"Because Jamaica is so hilly, we Jamaicans always appreciate the sight of mountains. My colleagues and I all agreed that we were fortunate to arrive at such a lovely place. But we were not yet to go ashore, with one more night to spend onboard, moored on the Clyde.

"Next morning we quickly ran up to the deck to enjoy the wonderful scenery we had seen the evening before, but to our disappointment there was a very thick fog which prevented us from seeing more than a few yards. This was perhaps more typical Scottish weather for the time of year." The book goes on to describe his wartime experiences based at Bomber Command in High Wycombe where he was attached to the main planning room responsible for co-ordinating heavy bombing raids over Germany. His team's job was to monitor the many operational planes that were out there, and that meant they would often hear distress signals from aircraft which were limping their way home after bombing operations.

It was a vital and at times harrowing occupation because, as Carl points out: "If you missed their signal, those people were done for." When the war ended he was given the opportunity to do a foundation medical chiropody course at Glasgow's Southern General Hospital, returning him to the city that was to become his home for the next seven decades.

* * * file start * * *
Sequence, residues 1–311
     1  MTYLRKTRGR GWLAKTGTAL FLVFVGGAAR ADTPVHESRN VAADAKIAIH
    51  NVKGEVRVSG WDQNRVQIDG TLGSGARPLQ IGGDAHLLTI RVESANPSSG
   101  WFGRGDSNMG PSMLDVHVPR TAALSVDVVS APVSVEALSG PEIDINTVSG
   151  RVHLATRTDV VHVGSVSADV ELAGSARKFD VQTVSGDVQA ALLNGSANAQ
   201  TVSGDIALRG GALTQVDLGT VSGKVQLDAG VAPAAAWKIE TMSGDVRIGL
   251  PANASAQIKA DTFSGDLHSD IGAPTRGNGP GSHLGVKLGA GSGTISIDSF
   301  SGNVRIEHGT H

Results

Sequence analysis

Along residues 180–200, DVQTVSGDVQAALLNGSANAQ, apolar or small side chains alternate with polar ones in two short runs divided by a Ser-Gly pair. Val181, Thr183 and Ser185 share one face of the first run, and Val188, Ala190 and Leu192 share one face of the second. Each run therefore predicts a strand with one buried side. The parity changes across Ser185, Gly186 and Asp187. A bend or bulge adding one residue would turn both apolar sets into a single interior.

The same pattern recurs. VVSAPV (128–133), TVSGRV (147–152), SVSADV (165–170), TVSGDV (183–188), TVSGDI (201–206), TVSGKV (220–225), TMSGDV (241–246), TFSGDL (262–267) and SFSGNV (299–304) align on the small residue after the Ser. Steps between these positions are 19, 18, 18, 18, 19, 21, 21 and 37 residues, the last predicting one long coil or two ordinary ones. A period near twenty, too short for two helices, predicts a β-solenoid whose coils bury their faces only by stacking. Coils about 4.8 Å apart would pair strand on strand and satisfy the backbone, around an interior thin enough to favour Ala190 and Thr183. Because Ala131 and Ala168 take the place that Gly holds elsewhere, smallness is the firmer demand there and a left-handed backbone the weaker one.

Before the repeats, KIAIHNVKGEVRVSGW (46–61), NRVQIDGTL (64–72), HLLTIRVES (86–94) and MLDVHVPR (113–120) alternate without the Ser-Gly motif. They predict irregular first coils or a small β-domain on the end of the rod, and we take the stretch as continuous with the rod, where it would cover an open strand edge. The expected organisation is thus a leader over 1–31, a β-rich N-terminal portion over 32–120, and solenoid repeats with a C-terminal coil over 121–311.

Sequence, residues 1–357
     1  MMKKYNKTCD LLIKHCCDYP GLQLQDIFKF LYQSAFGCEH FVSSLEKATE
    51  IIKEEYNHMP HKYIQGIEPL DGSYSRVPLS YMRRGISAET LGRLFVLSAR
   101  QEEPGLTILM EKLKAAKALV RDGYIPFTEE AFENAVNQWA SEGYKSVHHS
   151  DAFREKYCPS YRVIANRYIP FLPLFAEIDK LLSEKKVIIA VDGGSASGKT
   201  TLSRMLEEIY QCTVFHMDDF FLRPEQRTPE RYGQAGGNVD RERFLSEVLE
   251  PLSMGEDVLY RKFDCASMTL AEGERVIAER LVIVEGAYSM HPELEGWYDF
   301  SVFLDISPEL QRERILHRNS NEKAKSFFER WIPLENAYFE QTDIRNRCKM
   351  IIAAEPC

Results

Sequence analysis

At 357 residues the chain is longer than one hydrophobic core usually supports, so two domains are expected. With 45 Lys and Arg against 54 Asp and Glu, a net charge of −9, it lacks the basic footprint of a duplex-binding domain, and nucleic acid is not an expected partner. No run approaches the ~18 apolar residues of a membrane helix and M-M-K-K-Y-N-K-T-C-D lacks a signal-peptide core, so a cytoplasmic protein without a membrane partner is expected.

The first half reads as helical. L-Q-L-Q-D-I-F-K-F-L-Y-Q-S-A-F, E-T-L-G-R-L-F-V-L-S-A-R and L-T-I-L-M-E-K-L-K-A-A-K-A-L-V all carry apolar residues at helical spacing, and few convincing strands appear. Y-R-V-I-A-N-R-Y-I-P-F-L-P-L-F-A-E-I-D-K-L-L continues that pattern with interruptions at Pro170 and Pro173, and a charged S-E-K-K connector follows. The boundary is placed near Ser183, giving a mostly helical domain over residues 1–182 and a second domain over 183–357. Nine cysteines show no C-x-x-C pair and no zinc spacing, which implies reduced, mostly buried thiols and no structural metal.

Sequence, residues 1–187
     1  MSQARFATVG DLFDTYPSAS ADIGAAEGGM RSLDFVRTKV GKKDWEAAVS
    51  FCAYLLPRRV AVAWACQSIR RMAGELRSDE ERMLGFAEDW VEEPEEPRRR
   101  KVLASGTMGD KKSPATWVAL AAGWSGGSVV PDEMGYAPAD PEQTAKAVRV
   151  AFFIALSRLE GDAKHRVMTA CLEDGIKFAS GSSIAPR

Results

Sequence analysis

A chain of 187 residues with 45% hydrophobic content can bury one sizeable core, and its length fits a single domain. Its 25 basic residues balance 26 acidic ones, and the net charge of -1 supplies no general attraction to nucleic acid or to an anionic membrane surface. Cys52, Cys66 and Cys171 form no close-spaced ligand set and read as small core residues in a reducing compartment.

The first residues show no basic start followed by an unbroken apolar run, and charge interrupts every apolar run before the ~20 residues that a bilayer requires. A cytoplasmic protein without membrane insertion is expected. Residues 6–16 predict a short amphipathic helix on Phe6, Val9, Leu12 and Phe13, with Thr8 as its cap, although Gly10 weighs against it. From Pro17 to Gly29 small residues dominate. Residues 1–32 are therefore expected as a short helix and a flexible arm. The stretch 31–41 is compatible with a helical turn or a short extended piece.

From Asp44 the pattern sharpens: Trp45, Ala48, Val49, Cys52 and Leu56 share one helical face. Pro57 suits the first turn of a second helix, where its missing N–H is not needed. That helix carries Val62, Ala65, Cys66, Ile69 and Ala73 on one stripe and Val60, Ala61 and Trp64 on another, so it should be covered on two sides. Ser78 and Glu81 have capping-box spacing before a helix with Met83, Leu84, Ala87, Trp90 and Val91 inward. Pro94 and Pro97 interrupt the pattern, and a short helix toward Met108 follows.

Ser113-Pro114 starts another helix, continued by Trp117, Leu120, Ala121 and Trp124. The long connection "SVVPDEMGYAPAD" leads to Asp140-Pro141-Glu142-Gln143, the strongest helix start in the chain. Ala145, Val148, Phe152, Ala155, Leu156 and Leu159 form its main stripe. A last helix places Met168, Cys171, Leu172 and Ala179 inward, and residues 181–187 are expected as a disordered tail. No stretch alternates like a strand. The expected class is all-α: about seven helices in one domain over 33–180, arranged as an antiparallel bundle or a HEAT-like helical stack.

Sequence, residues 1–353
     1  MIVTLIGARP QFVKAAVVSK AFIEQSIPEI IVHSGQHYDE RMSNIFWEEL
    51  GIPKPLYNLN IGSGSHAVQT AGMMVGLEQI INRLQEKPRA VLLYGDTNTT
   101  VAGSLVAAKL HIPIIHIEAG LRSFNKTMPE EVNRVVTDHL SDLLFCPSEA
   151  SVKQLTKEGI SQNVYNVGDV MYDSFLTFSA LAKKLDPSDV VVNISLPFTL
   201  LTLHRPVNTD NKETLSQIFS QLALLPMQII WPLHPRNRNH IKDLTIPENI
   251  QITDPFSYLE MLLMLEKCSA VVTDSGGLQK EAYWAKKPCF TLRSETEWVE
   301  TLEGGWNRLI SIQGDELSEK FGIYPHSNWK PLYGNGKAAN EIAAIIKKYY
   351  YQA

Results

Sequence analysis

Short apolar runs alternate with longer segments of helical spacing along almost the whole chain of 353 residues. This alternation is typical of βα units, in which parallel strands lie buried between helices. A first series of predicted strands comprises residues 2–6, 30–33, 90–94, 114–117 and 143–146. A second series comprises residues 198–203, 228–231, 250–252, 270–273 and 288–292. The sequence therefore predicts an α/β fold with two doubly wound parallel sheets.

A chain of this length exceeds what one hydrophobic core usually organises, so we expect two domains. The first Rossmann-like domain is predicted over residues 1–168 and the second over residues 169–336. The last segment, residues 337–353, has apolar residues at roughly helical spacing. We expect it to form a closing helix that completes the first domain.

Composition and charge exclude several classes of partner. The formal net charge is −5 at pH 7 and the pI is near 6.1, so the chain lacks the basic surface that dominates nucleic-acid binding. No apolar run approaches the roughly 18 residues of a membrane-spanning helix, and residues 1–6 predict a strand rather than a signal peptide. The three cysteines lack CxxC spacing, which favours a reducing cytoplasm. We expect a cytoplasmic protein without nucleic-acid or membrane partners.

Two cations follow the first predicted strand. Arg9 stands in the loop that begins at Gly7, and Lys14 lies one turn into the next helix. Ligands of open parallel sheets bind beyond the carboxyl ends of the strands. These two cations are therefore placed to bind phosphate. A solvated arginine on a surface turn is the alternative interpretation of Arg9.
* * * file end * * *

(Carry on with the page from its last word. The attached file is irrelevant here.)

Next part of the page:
It's perhaps not surprising to know his early years in Glasgow were not always easy. He writes frankly about the racism he experienced but never dwells on the negative and there is certainly no hint of bitterness in his heartwarming narrative.

His romance with Dina began at the Playhouse dance hall on Sauchiehall Street where the young couple enjoyed dancing to the big band sounds of the day. Their relationship blossomed and they were married on May 15, 1948 but, as Carl explains, the minister was not in favour of their union and they were wed at the registry office with Dina's brother-in-law taking them there in his taxi.

The latter part of his story goes on to explain the unconventional career path that would take him from chiropody to teaching at Edinbarnet where he would remain for around 20 years until he retired.

The affection he still has for the Faifley school is evident and he looks back with fondness on what he says was the most fulfilling and rewarding part of his working life.

Recalling the first day he arrived at the school, which was then just a couple of years old, he writes: "I had never been to that part of Clydebank before, and on entering the driveway of the school I saw this marvellous building in the foreground and the wonderful rolling hills in the background, the very same hills I had seen as I sailed up the Clyde all those years before. I at once fell in love with the view and hoped everything else proved as good as that first impression." The penultimate chapter of Carl's tale reflects on the many joyful years he spent in Faifley and is sure to appeal to many Bankies, especially those who attended Edinbarnet when Mr Vaughan was in his pomp. Intriguingly, the former head has never felt the urge to return to his old stomping ground for reasons he best explains himself.

He writes: "Strange though it might seem, I have never since returned to my old school, although it holds so many good memories for me. Of course, when I retired, an open invitation was given to me by my successor to return any time I wished - but memories so fond are, I think, better kept idyllically safe close to one's heart forever." Rest assured it's a story that deserves a place on every Clydebank bookshelf, as well as Montego Bay.